EA or CMA or MSA/RSA or CMA or . . . how about PEA? 

One of the crucial questions that the FCC must answer before it can get its Incentive Spectrum Auction off the ground is how it plans to sell 600 MHz licenses in the “forward” part of the auction.  In the Incentive Auction Notice of Proposed Rulemaking, the Commission indicated that it was initially leaning toward selling them based on Economic Areas (EAs), rather than larger pieces of real estate (e.g., nationwide licenses) or smaller alternatives (e.g., CEAs or MSA/RSAs).  (Fuzzy on the distinctions?  Check out the Blogmeister’s Sidebar at the end of this post for further information.)

But now the Wireless Telecommunications Bureau, at the prodding of the Competitive Carriers Association (CCA), is thinking that Partial Economic Areas (PEAs) might be the way to go, and it’s asking for input on the question.

This is a big deal.  Here’s why.

As most readers presumably know, the Incentive Auction will consist of two independent but interrelated elements: (1) the reverse auction, through which the FCC will “free up” spectrum by giving TV licensees cash to vacate their current channels; and (2) the forward auction, in which the FCC will sell off the spectrum freed up in the reverse auction.  (The cash generated by the latter will be used in part to pay broadcasters in the former.) The ultimate success or failure of the Incentive Auction will be measured in part by how much money the forward auction brings in.

That being the case, the FCC has to be concerned about how to market the spectrum for the forward auction.  Selling nationwide licenses, for example, might seem a simple way to attract the highest bids from the get-go, but there are problems with that approach.  For example, the amount of spectrum that might be available for easy nationwide use could be limited, since the “freeing-up” process of the reverse auction and consequent spectrum repacking may not yield uniform amounts of spectrum in all markets.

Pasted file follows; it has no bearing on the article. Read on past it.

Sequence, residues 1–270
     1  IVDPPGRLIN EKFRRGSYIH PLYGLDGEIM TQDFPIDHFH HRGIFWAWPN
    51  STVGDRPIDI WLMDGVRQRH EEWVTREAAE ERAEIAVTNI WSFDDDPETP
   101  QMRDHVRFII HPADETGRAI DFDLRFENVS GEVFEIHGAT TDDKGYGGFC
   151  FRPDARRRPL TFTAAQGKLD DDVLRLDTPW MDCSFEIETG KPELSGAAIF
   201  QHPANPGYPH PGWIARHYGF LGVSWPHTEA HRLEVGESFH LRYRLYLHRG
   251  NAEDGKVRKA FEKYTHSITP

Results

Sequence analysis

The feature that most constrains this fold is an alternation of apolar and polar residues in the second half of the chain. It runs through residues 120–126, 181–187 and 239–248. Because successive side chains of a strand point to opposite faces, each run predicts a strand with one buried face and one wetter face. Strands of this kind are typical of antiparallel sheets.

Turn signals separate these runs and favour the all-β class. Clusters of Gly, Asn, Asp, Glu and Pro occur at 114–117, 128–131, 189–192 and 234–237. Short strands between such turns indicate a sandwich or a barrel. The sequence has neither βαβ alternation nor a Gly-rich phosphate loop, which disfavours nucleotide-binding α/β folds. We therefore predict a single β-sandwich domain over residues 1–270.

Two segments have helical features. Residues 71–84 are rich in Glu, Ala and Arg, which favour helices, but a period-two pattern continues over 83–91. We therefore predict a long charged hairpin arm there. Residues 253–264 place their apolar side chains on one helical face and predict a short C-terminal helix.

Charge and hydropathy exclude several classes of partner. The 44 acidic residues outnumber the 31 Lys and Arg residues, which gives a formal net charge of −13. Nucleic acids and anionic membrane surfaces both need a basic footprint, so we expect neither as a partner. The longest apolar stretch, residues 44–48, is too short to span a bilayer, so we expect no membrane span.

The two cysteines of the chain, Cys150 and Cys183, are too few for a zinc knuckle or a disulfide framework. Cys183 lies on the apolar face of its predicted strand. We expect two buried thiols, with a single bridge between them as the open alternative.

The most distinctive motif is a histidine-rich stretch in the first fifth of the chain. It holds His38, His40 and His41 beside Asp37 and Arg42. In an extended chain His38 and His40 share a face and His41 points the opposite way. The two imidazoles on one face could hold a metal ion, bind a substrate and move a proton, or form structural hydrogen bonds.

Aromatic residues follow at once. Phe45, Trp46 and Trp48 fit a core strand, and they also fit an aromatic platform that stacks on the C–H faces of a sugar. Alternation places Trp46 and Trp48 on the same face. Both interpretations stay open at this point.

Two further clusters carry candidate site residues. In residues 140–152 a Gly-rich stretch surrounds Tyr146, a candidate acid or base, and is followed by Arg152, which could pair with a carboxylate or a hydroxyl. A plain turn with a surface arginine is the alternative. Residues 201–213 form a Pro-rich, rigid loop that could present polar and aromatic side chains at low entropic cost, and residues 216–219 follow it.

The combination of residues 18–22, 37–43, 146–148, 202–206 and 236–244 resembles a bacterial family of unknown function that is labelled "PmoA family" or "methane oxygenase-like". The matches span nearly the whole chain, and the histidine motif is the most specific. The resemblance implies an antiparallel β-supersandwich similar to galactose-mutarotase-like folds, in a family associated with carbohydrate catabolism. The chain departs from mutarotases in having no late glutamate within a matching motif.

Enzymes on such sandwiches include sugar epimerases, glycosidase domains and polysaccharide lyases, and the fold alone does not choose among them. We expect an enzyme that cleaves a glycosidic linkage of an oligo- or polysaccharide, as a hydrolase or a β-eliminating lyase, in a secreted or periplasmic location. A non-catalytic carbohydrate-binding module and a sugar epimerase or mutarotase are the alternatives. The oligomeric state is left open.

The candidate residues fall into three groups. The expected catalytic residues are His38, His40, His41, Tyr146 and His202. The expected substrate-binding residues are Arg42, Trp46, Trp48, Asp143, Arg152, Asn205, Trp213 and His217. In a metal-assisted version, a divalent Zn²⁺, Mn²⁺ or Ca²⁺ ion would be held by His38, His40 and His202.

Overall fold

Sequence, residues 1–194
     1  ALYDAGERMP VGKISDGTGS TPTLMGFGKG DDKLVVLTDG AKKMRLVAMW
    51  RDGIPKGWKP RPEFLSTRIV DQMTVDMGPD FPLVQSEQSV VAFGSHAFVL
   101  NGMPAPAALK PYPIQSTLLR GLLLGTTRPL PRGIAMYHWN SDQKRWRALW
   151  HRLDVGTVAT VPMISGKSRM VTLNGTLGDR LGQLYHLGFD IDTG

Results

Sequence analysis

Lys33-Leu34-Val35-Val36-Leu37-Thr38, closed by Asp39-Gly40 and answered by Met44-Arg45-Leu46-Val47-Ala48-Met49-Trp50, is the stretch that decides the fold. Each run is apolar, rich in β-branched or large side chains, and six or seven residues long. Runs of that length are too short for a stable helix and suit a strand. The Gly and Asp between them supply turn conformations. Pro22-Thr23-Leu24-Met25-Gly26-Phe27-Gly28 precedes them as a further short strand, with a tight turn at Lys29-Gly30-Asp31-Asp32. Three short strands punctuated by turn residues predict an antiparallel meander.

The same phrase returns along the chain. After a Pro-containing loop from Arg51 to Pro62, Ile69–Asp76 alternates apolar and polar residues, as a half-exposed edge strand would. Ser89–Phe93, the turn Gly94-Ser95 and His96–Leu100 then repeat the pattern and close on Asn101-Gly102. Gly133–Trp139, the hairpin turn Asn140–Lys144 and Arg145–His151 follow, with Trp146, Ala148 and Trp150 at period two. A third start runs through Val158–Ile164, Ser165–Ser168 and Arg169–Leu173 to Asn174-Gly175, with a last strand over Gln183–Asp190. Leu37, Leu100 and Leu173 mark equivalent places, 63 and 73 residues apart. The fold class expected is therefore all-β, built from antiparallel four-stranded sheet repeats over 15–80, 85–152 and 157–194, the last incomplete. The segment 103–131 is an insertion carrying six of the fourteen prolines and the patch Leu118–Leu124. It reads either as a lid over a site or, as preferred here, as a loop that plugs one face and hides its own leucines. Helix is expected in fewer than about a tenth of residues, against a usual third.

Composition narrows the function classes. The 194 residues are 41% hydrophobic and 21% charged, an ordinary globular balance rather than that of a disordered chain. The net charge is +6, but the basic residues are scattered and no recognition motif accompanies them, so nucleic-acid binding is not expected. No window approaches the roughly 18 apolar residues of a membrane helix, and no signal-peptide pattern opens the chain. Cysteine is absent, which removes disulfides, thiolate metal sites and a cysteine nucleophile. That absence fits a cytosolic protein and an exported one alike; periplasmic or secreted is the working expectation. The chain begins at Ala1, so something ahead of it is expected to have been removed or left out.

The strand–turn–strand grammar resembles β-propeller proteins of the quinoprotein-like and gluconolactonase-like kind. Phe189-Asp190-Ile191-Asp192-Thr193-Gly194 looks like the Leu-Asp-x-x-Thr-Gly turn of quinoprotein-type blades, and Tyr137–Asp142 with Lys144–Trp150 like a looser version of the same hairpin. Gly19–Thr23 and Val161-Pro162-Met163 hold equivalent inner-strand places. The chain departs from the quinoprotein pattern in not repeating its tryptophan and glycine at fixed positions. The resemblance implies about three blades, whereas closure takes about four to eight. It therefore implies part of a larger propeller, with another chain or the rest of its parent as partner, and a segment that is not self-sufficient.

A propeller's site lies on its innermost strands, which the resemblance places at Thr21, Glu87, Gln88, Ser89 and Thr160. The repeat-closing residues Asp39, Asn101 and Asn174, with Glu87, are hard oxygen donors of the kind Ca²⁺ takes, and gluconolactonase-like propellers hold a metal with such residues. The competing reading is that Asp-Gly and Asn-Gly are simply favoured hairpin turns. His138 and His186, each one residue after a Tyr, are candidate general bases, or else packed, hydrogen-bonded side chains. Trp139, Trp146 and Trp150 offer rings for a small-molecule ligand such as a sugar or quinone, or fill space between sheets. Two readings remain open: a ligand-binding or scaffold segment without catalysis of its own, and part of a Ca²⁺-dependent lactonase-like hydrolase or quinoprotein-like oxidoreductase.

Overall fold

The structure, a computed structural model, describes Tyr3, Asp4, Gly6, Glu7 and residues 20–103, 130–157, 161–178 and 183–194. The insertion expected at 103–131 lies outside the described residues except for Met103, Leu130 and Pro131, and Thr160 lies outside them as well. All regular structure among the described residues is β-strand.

Offering spectrum on a more granular, less-than-nationwide, basis necessarily raises the question of what geographic or other units to use for bundling the spectrum for auction.  Using units that are too small would risk complications in auction design and implementation, as well as in the service roll-out.

After grappling with these difficult questions, the Commission (as noted above) initially liked EAs.  But along with other commenters, CCA (representing more than 100 competitive wireless carriers, including rural, regional and national carriers) preferred CMAs.  CMAs are smaller than EAs, better suited to the coverage of small and rural operators. And as a practical matter, such operators might not be able to afford to successfully bid on EAs, much less fully deploy an EA-wide system.  So they would have an easier time if the spectrum increments were put up for auction on a CMA basis.

But CMAs don’t “nest” into EAs, which may or may not be a problem.  As an alternative, CCA has proposed that spectrum be auctioned in PEA blocks, which neatly subdivide EAs.  In CCA’s view, the smaller size of PEAs would “enable smaller and rural carriers to bid on portions of EAs to obtain more efficiently sized spectrum licenses”.